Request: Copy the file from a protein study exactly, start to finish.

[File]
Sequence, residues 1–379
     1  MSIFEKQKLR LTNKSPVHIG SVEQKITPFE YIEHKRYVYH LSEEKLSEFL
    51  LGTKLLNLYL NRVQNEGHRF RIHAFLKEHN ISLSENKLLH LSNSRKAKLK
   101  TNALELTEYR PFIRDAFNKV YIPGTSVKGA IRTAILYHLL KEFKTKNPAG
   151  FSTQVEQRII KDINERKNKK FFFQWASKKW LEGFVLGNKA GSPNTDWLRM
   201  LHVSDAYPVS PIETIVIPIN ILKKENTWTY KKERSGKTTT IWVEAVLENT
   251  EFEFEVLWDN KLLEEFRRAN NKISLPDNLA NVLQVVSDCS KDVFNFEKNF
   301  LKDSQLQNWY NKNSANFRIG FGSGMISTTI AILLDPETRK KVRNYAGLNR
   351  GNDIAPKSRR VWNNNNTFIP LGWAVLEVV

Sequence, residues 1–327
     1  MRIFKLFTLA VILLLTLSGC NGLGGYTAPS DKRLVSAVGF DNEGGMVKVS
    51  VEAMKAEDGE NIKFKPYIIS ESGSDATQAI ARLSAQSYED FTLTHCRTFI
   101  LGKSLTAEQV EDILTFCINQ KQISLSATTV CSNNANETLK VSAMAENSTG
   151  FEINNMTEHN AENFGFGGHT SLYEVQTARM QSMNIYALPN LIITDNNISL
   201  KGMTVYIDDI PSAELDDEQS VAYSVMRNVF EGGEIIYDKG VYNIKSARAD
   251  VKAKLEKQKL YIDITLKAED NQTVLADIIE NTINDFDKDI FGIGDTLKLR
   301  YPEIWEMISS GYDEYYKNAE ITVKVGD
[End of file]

Sequence, residues 1–379
     1  MSIFEKQKLR LTNKSPVHIG SVEQKITPFE YIEHKRYVYH LSEEKLSEFL
    51  LGTKLLNLYL NRVQNEGHRF RIHAFLKEHN ISLSENKLLH LSNSRKAKLK
   101  TNALELTEYR PFIRDAFNKV YIPGTSVKGA IRTAILYHLL KEFKTKNPAG
   151  FSTQVEQRII KDINERKNKK FFFQWASKKW LEGFVLGNKA GSPNTDWLRM
   201  LHVSDAYPVS PIETIVIPIN ILKKENTWTY KKERSGKTTT IWVEAVLENT
   251  EFEFEVLWDN KLLEEFRRAN NKISLPDNLA NVLQVVSDCS KDVFNFEKNF
   301  LKDSQLQNWY NKNSANFRIG FGSGMISTTI AILLDPETRK KVRNYAGLNR
   351  GNDIAPKSRR VWNNNNTFIP LGWAVLEVV

Sequence, residues 1–327
     1  MRIFKLFTLA VILLLTLSGC NGLGGYTAPS DKRLVSAVGF DNEGGMVKVS
    51  VEAMKAEDGE NIKFKPYIIS ESGSDATQAI ARLSAQSYED FTLTHCRTFI
   101  LGKSLTAEQV EDILTFCINQ KQISLSATTV CSNNANETLK VSAMAENSTG
   151  FEINNMTEHN AENFGFGGHT SLYEVQTARM QSMNIYALPN LIITDNNISL
   201  KGMTVYIDDI PSAELDDEQS VAYSVMRNVF EGGEIIYDKG VYNIKSARAD
   251  VKAKLEKQKL YIDITLKAED NQTVLADIIE NTINDFDKDI FGIGDTLKLR
   301  YPEIWEMISS GYDEYYKNAE ITVKVGD